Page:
2. Well… no, not within current technology. The energy requirements for a very small probe to create and maintain a warp field were still far far greater than the total energy output of Earth. (About the only interesting work that Dr. White has done is show that by shaping the warp field differently, you can reduce the amount of negative mass required to form a large enough spacial compression wave to move your probe/ship from ~1 Jupiter mass to ~100kg. You still need negative mass though.)

        And yes, negative mass or energy probably doesn’t exist. And even if it did, and even if you could use it to form a warp field, as you approached the speed of light inside a warp field, the whole thing should collapse into a black hole:P.

        So superluminal travel via warp field is probably impossible for a number of different reasons.

    2. Yep, its also a concept being developed by Harold White, hence why I included it. However, the caption didn’t explain that. I’ve amended due to people pointing that out, incessantly! 🙂

  3. I remember when one of these patent applications came up before the US Patent & Trademark Office over a decade ago. They rejected the application under the utility provision of 35 USC 101 – it doesn’t work – the design cannot function – it cannot produce thrust. Period. For whatever reason, the British patent office granted a few patents on this EM drive. I found them through Google Patents, then looked up the whole document from The guy is a quack.

    If you take a railroad tank car, taper it so that one end is smaller than the other, and pressurize it, guess what – it’s not going to go anywhere! This Shawyer character is claiming that he’s doing exactly that, except with microwaves! He’s setting up a standing wave in a tapered cavity, and claims to be generating thrust because the photon pressure on the small end is higher than on the other end. Uh-huh. Suuuurre. That’s why our soda cans just start levitating (bottom is concave, top is relatively flat). That’s why our beer bottles start levitating, as well… #eyeroll.

    Check out this independent review of his work:

    The guy basically says, it doesn’t add up. The mathematical derivations are incomplete, the explanations for different graphs of experimental data is insufficient or non-existent…just reeks of baloney, though stated respectfully and professionally. I did not see a link to the document that the individual is critiquing.

  4. I see progress here. As sketchy as this is, it’s a lot more likely to happen than “terraforming Venus”.

  5. This has all the trappings of pseudoscience (aka scam). Am I surprised UT falls for it? Sadly, no.

  6. I hope, the em drive will work. It would be great, if we could reach planets in other solar systems.

    Colonizing other planets would solve our main problem: overpopulation on earth. But it will certainly take some further centuries, till we can travel to other planets. Until then we have to find an other solution for this problem.

    I am ready to help.

  7. I’ve read all the posts and the thing is, that I guess is M.I.A. in some of the posts:

    They are at least trying to move forward.

    True experiments, tests and investigations require failure as well as successes. But you have neither if you do not TRY.

    Space X have had their successes and failures, but they are still moving forward.

    Being 61, I remember the trials and errors of NASA back in the 50’s and 60’s. There were A LOT of rockets that did not make it off the launch pad, let alone a few feet into the air.

    But eventually, we got man on the Moon and back, we got the Space Shuttle and so on.

    These are the ‘ baby steps ‘ that are just part of the process.

    I also remember a lot of ” Dr’s. ” – “Prof’s ” and so, that said, we would NEVER make it to the moon. The physics, the technology is just not there. I, for one, am glad the nay Sayers did not win. 🙂

  8. I like that someone will perform experiments to prove or disprove this theoretical concept and of course am hoping for the best. But what I REALLY like is what former astronaut Dr. Franklin Chang Diaz and Ad Astra has been doing with their plasma drive concept. This engine does require fuel and a yet to be fully defined power source (Solar or Nuclear TBD) but is a more ‘traditional’/proven approach aka like a super ion drive. This sucker IS going up to the ISS meaning that NASA takes them seriously…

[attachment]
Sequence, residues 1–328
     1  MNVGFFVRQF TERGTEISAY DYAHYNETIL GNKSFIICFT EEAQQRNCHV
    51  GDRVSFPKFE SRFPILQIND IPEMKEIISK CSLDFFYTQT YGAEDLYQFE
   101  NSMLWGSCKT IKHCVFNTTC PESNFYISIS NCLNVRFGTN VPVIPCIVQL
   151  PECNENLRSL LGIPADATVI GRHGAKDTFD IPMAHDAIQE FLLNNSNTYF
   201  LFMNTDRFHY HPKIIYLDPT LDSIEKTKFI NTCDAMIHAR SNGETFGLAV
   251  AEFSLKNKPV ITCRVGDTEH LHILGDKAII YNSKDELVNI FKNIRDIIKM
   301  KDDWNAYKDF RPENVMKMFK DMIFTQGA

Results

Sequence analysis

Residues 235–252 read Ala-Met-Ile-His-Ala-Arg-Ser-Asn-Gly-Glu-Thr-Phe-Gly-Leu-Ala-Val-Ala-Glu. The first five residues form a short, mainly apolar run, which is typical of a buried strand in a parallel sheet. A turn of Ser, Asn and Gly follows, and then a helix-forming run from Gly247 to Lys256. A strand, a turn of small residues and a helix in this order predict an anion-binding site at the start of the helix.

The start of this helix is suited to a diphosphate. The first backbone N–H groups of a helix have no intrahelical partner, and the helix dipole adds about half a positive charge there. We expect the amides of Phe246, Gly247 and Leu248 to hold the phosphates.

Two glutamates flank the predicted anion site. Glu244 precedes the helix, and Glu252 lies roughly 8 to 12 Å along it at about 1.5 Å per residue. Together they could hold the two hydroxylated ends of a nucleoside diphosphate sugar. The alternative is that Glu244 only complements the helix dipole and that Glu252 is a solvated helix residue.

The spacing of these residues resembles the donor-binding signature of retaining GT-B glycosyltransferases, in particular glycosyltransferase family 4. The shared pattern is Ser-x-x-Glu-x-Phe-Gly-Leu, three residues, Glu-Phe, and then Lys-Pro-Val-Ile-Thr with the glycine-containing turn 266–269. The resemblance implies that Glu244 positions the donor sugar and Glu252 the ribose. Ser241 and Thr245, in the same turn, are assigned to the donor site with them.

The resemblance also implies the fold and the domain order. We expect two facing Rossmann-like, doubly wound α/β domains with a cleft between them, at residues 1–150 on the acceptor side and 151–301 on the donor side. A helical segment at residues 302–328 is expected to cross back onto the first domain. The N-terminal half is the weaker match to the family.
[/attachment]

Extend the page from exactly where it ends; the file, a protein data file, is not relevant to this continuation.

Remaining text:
1. Personally, I totally like the concept of using electro dynamic forces for propulsion. What I’d like to see.. is a 10km diameter geodesic structure that incorporates superconducting struts (Graphine coated graphite spars?) The idea is to build the sphere, then suspend propulsion and command modules via cabling to the vertices of the geodesic shape. A separated propulsion module would be nuclear powered and far enough away from the command module so rads don’t bake the crew… This vehicle would capture the solar wind and energetic CME’s for propulsion. Trick would be to energize the superconducting struts in patterns that make best use of the E/M flow. Outbound would be easy.. inbound would require oblique vectoring or ‘sailing’ with planetary gravitational assist(s). The solar wind travels between 8km/sec. in close to Sol and 800km/sec further out…

  9. the chinese have built a drive with more thrust per kilowatt than NASA. If you look at their numbers that thrust is very very very low per kilowatt.

  10. There are all sorts of patents for electromagnetic drives. Here is another sample from “Nonlinear electromagnetic propulsion system and method”:

    “An electromagnetic propulsion system based on an extremely low frequency (elf) radiating antenna structure driven by a matched high current pulsed power supply is described. The elf antenna structure resembles a modified three dimensional multiple-turn loop antenna whose geometry is optimized for the production of reaction thrust rather than the radiation of electromagnetic energy into space.”

    This device does NOT use “particulate reaction mass”. It needs only an energy source (e.g., nuclear reactor) for sustained propulsion. It is conceptually capable of propulsion to nearby stars within an accessible time period.

    A Newtonian propulsion system produces thrust by the well known “action accompanied by equal and opposite reaction”. The total momentum of the vehicle and exhaust sum to zero.

    A non-Newtonian propulsion system produces thrust, but the reaction forces are radial (i.e., all perpendicular to the action) and cancel out within the structure of the vehicle (there is no external reaction). This favors vehicles with a radial symmetry, such as a saucer or sphere. Only electromagnetic systems can produces this kind of thrust.